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Ordway s DiRusso Discusses a New Live-Cell Assay for Fatty Acid Uptake Inhibitors

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Concetta DiRusso
Professor
Center for Cardiovascular Sciences, Albany Medical College

At A Glance

Name: Concetta DiRusso

Position: Professor, Center for Cardiovascular Sciences, Albany Medical College, 2001-present; Senior Staff Scientist, Ordway Research Institute, 2003-present.

Background: Associate professor, biochemistry and molecular biology, Albany Medical College, 1996-2000; Assistant/Associate professor, biochemistry, University of Tennessee College of Medicine, 1986-1996; Postdoc, University of California, Irvine, 1982-1986; PhD, cell/molecular biology, University of Vermont, 1982.


It is safe to say that compounds to treat obesity are very high on pharma's list of potentially lucrative therapeutics; therefore, reliable assays for obesity-related biochemical pathways are also on pharma's wish list. Scientists from the Ordway Research Institute and Albany Medical College in Albany, NY, have recently developed a live-cell assay to screen for fatty acid uptake inhibitors, described earlier this year in Analytical Biochemistry [2005 Jan 1;336(1):11-19].

The assay, which uses yeast cells, is conducive to high-throughput screening campaigns, according to the researchers, who are now seeking to commercialize it. Last week, Concetta DiRusso, corresponding author on the paper, discussed the development of the assay with Cell-Based Assay News.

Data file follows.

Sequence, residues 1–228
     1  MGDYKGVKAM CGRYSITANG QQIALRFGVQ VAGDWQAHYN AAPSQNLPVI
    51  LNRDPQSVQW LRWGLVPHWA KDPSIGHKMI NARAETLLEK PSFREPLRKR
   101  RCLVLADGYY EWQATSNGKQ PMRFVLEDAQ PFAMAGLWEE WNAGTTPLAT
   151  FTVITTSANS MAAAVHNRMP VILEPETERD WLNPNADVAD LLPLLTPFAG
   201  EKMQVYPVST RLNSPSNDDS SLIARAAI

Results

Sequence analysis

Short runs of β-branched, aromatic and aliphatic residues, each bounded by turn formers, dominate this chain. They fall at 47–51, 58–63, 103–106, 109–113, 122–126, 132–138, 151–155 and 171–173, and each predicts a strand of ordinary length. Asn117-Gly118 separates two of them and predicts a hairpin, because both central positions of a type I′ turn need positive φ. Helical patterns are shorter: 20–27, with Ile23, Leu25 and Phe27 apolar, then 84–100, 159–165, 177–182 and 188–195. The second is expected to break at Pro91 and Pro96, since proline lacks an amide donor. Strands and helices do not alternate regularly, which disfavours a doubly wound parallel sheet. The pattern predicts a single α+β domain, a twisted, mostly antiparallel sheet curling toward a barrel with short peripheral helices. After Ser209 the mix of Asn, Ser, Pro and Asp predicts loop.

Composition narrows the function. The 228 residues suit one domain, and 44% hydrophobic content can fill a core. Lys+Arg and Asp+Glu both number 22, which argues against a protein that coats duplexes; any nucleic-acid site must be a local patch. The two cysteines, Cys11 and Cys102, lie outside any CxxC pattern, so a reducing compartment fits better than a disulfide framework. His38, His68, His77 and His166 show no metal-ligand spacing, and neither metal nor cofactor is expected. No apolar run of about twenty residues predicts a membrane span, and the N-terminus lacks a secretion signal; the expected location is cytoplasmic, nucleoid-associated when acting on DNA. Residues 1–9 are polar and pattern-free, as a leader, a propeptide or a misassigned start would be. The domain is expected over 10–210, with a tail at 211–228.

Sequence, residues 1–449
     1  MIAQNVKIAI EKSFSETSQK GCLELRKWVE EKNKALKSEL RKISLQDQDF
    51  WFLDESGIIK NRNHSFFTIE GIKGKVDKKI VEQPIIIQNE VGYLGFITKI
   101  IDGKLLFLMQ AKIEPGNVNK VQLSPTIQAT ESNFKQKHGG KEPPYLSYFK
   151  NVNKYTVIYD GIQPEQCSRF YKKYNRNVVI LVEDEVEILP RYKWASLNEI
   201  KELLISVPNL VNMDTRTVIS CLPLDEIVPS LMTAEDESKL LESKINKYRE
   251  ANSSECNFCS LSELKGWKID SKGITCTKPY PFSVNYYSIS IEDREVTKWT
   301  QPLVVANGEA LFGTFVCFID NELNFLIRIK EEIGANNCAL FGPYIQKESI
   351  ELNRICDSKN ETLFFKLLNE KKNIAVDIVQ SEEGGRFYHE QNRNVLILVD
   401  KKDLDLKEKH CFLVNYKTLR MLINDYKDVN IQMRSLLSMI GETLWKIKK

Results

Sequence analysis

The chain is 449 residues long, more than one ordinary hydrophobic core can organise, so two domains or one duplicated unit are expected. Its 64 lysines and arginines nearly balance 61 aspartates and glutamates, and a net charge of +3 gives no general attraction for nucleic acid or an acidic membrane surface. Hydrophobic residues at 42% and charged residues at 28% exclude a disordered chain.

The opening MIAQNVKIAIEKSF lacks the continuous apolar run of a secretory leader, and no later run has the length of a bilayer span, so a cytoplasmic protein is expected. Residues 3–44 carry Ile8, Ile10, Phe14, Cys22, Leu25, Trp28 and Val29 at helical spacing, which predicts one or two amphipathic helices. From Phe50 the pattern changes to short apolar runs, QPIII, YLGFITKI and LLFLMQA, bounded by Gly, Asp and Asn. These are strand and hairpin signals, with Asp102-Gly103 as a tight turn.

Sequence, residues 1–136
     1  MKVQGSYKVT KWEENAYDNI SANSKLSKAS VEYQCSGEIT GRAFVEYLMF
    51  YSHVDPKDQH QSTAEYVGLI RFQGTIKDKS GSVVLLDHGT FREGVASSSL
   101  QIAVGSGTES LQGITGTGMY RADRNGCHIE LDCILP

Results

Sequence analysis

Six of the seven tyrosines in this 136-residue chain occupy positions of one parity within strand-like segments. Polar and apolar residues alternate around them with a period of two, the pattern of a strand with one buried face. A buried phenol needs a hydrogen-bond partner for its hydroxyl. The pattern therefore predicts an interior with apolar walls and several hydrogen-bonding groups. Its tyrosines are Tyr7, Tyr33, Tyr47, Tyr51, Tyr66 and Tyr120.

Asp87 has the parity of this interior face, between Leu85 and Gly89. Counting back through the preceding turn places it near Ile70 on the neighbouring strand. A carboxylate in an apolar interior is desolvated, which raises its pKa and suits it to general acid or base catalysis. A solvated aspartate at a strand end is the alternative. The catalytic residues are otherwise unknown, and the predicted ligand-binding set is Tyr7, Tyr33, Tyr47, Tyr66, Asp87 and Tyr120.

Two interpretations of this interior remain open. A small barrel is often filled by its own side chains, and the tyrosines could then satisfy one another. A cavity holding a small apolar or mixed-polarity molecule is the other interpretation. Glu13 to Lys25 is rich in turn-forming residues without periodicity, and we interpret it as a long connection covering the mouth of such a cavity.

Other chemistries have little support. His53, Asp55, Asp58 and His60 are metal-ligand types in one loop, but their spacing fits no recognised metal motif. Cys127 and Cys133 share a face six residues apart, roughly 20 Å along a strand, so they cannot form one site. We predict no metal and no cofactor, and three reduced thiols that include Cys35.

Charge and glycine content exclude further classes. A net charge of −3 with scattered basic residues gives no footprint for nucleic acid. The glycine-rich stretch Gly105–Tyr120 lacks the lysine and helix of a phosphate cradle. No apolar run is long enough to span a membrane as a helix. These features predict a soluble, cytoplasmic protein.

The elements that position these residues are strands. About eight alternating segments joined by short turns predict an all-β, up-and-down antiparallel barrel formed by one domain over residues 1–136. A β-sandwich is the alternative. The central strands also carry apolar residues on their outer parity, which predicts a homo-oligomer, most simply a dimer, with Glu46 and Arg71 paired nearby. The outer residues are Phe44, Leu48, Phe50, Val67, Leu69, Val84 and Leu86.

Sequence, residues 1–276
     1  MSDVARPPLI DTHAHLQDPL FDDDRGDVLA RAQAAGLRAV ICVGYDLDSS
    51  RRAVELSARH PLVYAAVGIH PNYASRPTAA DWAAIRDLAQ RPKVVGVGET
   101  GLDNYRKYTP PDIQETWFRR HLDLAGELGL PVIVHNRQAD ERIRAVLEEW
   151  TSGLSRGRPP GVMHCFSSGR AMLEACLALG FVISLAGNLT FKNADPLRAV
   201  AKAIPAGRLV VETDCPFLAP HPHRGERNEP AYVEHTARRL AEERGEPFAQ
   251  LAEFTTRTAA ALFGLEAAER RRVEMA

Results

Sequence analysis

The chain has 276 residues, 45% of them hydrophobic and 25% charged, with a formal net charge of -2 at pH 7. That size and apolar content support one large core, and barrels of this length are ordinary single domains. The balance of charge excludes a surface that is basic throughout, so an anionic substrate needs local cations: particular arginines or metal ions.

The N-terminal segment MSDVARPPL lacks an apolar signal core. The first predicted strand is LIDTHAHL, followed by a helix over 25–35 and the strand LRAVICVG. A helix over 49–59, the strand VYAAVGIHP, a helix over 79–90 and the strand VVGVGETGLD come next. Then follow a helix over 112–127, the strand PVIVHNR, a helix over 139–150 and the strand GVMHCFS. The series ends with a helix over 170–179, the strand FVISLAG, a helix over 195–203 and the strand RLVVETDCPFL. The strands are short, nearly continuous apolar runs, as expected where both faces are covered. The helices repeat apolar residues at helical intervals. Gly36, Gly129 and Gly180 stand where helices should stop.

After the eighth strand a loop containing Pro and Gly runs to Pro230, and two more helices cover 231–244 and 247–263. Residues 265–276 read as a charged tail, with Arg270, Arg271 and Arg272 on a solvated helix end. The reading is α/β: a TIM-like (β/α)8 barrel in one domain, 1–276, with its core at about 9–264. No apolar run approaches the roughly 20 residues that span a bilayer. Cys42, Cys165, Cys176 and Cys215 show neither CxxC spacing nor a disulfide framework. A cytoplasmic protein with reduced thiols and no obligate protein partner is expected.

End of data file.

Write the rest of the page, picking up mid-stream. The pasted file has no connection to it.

How did you develop your interest in cardiovascular and metabolic disease?

I've been working in fatty acid metabolism since I was a postdoc, investigating E. coli. My interest then was in fatty-acid dependent transcriptional control. My husband and collaborator, Paul Black, was looking at fatty acid transport at the time, and in bacteria, it's a very simple signal transduction system: There's an outer membrane transporter, and the activating enzyme, and the product is acyl-CoA, which then interacts with the transcription factor to actually inhibit DNA binding. This causes a cascade — an increase in degradative enzymes and a decrease in synthetic enzymes. It turns out that most eukaryotes have the same kind of response. Our interest in turning to yeast was to find a model organism for mammalian cells. Of course, in mammals, the major problem with fatty acid dysregulation, if you will, is obesity. That's our major disease interest, and is a contributing factor to so many other diseases that affect our society. Yeast are simple, yet have a lot in common with mammals. And one of those things is the fatty acid transporter, which in yeast is called FAT1. There's a gene that encodes the FAT1 protein, and this protein itself is required for fatty acid uptake. That actually winds up being essential in yeast when they're grown anaerobically, which they like to do when they're fermenting, for example.

The FAT1 gene has homologues in mammals, and that is the FATP protein. We deleted the FAT1 gene, and one of the first things we did was to show that the FATP gene of mice could complement that mutation. We've done a lot of work since then, about 10 years' worth, and we now know that FATP partners in a functional manner with an acyl-CoA synthetase, which is the activating enzyme. If you knock out the transporter and the major acyl-CoA synthetase activating enzyme — which is called FAA1 in yeast — then there is absolutely no uptake, and it's a very tight system, and you can express any of the mammalian enzymes that have these activities in yeast, and now look at their function in a very simple organism.

You said that obesity is the major human health implication …